We are one of many organisations who called for the government to make Britain net zero carbon by 2050. Since then, we have challenged ourselves to set ambitious carbon targets.

Bukky Bird

While some people are sceptical about targets, setting such ambitious emission goals is vital if we are to reduce the impact from business and safeguard the environment.

It sets out an organisation’s stall and galvanises its people and partners to take action. We believe every business needs to take responsibility to tackle climate change, which is why we have announced our carbon reduction targets.

By 2040, we will become a net zero emissions business covering all of our direct operations. Last year, we also became the first national housebuilder to publish science-based targets for reducing carbon emissions and our new net zero goal extends this sustainability roadmap further as it works across the industry to combat climate change.

Driving down emissions

Identifying and implementing what is needed to achieve these reductions will be an ongoing process across the entire Barratt business. For instance, reducing emissions will involve continuing to improve the energy credentials of our buildings, driving down plant emissions on site and also exploring new technology such as solar assisted generators.

Beyond our own footprint, we are also committed to delivering low-carbon homes for our customers, which is why we set a target to ensure our new standard house types will be zero carbon in use by 2030.

New homes solar panels

Source: Shutterstock/Ewelina W

This will be achieved by continuing with a ‘fabric first’ approach covering elements such as better insulation and more efficient services, and beyond that implementing new green technology.

We also have a commitment to purchase 100% of our operational electricity from renewable sources by 2025. Around three quarters of the electricity we already purchase is from renewables and achieving the new 100% target will help us to reduce emissions by a further 2,000 tonnes of carbon.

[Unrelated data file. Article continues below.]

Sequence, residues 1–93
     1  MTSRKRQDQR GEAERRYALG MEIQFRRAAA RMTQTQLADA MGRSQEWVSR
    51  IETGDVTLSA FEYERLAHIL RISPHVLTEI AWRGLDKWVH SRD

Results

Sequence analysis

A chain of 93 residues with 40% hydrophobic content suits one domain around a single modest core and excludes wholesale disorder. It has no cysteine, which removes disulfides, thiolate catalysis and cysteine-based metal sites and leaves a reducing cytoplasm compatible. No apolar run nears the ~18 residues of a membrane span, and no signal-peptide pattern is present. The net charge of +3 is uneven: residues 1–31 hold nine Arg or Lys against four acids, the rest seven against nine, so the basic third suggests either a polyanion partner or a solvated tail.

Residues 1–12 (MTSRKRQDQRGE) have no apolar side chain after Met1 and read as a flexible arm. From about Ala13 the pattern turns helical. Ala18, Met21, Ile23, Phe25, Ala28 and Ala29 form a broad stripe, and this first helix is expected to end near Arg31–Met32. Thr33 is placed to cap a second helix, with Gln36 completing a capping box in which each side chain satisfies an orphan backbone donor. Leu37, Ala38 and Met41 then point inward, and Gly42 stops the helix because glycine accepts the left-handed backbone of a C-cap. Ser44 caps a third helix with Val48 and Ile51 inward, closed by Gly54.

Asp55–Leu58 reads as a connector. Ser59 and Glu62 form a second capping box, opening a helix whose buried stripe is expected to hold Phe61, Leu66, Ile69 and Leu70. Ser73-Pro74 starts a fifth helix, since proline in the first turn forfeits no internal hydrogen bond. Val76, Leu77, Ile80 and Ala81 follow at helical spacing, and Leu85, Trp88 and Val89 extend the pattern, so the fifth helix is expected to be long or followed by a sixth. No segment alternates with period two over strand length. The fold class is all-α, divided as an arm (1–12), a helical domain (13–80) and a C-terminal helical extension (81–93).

These new targets show our commitment to take responsibility for our share of carbon emissions and support the low-carbon economy that the UK is building. However, climate change is a challenge for the whole country across all sectors, not just us.

Roadmap needed

That is why we need everyone to come together to agree the way forward. We need a roadmap that connects government, industry, consumers, academics and experts. The housebuilding industry cannot deliver climate change for every home.

Everyone needs to do their part: we need an interconnected and long-term roadmap from government; we need to decide what is in its scope and what is not; and we need to define what government wants.

Once that is achieved, then each sector can collaborate together and each company can deliver its own solution. If that doesn’t happen then customers will be the first to complain.

Finally, we need to address the elephant in the room: the carbon emissions footprint of existing homes, which forms the majority of the residential sector’s footprint.

Zero carbon homes are an essential part of the puzzle, but will not in themselves deliver the UK’s climate goals. We must improve the carbon footprint of the existing housing stock.

This must involve collaboration across sectors and bold, long-term decisions from government. As a nation, we must not shy away from raising awareness of this among home owners.

All of this is why we are working with the sector, our partners and customers, to try and take a lead on decarbonisation. We will be transparent about what we are doing, which will hopefully benefit others too. But we cannot do it alone and need many more to collaborate on this journey.

Bukky Bird is group sustainability director at Barratt Developments